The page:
There is a thread of sense running through this, honestly: a progressive slide-choreography, featuring my poem “Soldiers: or Thermopylae Revisited,” composer Trent Hanna’s SAMARA, and the final lines of T. S. Eliot’s “Love Song of J. Alfred Prufrock.” It can be found on Vimeo.
Dee Blue Konditorei
Schubert’s lied LITANEI (“for All-Souls Eve”), Rilke’s poem “DAS DORF” (“The Town”) and American composer Judith Shatin’s HOSECH AL P'NEY HA TEHOM (“Darkness Upon the Face of the Deep”) are the ingredients of this work. It can be found on Vimeo.
Ars Gratia Artis
A slide choreography of Archibald MacLeish’s “Ars Poetica” followed by the third movement of Arnold Rosner’s String Quartet #4. Both poem and music represent pure beauty, pure art; the illustrations to the one became the artifacts of the other. It can be found on Vimeo.
Rosebud, an Elegy
Rosebud = the name of the dear childhood sled that rich man Citizen Kane cherished. Elegy = a poetic work consisting of disparate ideational elements that create a unity of their own. In order of appearance: a slide choreography of the famous opening lines of Walther von der Vogelweide’s DER REICHSTON (“Ich saz ûf eime steine”–“ I sat upon a stone”), of Franz Schubert’s AN DIE MUSIK, of the “Yellow Fog”-stanza of T.S. Eliot’s “Love Song of J. Alfred Prufrock,” and of composer Jon Nelson’s TURBULENT BLUE. It can be found on Vimeo.
Lilacs in the Dooryard
Walt Whitman’s WHEN LILACS LAST IN THE DOORYARD BLOOM’D read by Russell Oberlin, with the “Song of the Hermit Thrush” sung in sprech-gesang fashion by Shirley Perkins. It can be found on Vimeo.
Wien Wein Wien
A quick travel-tour thru Vienna accompanied by Wien, Wien Nur Du Allein as rendered, a capella, by my husband Arnold Greissle-Schoenberg, followed by a slide choreography of the very fetching 48 13 N, 16 20 O by Korean composer Tae Hong Park. It can be found on Vimeo.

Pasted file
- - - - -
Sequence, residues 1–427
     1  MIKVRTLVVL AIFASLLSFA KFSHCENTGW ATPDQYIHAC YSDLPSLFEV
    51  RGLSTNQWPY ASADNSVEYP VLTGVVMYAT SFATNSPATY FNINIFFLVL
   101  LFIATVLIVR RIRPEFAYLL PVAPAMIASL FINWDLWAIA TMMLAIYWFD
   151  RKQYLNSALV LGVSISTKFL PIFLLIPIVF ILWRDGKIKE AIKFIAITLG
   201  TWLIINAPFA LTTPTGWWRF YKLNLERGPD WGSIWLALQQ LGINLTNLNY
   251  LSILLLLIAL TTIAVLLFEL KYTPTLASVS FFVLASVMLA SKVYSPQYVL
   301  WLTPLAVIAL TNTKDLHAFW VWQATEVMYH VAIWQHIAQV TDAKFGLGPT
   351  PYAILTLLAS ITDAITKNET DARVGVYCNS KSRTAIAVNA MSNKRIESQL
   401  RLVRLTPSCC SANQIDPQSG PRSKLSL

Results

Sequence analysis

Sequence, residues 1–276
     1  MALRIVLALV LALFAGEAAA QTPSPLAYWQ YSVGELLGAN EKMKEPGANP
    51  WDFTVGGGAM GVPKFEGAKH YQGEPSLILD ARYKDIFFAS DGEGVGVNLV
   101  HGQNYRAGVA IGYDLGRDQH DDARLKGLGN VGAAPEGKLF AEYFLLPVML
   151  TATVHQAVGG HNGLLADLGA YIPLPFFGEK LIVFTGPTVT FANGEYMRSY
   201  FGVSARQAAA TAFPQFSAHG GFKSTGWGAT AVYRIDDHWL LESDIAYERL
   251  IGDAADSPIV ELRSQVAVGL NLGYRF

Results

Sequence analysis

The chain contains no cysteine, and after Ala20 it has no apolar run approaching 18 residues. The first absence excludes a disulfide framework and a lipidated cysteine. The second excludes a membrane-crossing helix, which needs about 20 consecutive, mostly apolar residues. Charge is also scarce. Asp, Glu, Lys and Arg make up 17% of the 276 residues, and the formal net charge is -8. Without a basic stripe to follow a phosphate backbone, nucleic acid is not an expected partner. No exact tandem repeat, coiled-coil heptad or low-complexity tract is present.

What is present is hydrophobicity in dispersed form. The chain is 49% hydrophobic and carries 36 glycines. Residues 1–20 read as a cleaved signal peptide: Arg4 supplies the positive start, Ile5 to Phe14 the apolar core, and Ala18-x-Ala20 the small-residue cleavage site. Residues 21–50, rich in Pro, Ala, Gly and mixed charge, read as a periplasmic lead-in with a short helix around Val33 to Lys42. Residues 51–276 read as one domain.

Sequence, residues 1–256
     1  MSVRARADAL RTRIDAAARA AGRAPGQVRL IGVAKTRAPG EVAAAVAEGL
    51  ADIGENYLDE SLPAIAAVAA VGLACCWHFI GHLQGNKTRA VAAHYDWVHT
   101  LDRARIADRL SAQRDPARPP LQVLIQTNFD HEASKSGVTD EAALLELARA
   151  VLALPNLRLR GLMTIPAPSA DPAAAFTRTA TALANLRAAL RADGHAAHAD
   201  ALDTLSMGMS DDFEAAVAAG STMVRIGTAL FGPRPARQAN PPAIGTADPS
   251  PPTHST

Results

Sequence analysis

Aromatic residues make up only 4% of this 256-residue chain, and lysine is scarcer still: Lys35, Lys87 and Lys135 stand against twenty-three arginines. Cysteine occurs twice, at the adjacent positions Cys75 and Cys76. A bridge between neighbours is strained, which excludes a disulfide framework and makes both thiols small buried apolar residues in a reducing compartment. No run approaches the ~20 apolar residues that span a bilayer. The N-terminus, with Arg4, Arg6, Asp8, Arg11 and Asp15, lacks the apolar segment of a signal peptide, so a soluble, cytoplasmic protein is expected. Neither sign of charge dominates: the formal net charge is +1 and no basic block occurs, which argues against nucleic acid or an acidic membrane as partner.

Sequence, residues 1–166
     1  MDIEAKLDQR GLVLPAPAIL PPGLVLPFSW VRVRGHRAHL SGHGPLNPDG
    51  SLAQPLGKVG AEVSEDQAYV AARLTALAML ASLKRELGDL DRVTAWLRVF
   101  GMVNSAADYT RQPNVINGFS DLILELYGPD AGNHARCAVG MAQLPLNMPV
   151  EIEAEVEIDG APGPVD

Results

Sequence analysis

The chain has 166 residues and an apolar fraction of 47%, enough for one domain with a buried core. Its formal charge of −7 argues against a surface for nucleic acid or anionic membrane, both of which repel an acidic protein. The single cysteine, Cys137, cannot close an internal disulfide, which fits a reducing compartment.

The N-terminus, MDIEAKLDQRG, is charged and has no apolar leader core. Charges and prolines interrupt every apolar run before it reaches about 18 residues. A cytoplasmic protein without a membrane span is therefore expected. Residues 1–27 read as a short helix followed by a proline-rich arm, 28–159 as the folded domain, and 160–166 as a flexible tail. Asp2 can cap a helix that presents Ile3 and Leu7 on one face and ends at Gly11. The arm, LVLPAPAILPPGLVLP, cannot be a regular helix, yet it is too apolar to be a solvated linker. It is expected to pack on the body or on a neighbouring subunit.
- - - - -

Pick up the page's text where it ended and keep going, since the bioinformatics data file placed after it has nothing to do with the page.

Sunday Inharmonic
An illustrated reading of Wallace Stevens's “Sunday Morning” by Russell Oberlin and a slide choreography of Hubert Howe’s INHARMONIC FANTASY #3. The images of the one become the artifacts of the other. It can be found on Vimeo.


Websites[edit]

www.thelarkascending.org —
The Lark Ascending, the not-for-profit performance group that Bogen headed from 1997 to 2008.
www.schoenbergseuropeanfamily.org —
The site is a subsidiary of The Lark Ascending, the not-for-profit performance group headed by Bogen, and it is cross-linked with the site of the Arnold Schoenberg Center in Vienna and the Alexander Zemlinsky site. Included on it are finished translations of Arnold Greissle-Schönberg’s memoirs Arnold Schönberg und Sein Wiener Kreis (Vienna: Bohlau, 1995), which Bogen revised and edited from a rough translation by him and provided with photo links of archival materials digitized by her. Also included on the site is a gallery of photos taken by Bogen of the author's hometown Mödling and the Schönberg House there, and of Traunkirchen and the Villa Spaun, and the eastern shore of the Traunsee, which figure in chapter two.


References[edit]

  1. ^ Eric Hoffer Category Finalists
  2. ^ Julia Stein: Triangle Fire Poetry and Plays and Novels and Literary Criticism
  3. ^ Index to Female Writers In Science Fiction, Fantasy & Utopia:18th Century to the Present
  4. ^ [http://www.librarything.com/work/268931 How to Write Poetry
  5. ^ Winners and Finalists of the 2008 Next Generation Indie Book Awards
  6. ^ Ault, Donald D. (Nov 1973). "William Blake’s Book of Thel: A Critical Edition with a New Interpretation". Modern Philology 71 (2): 218–221. doi:10.1086/390479. 
  7. ^ www.unl.edu[dead link]
  8. ^ blackbird
  9. ^ 'Books for Writers and Guides to Getting Published'
  10. ^ Writer's Digest Contests and Competitions
  11. ^ Pulsating Poetry Permeates Passionate People
  12. ^ The William Blake archive
  13. ^ Blake footnotes
  14. ^ duo inst or voices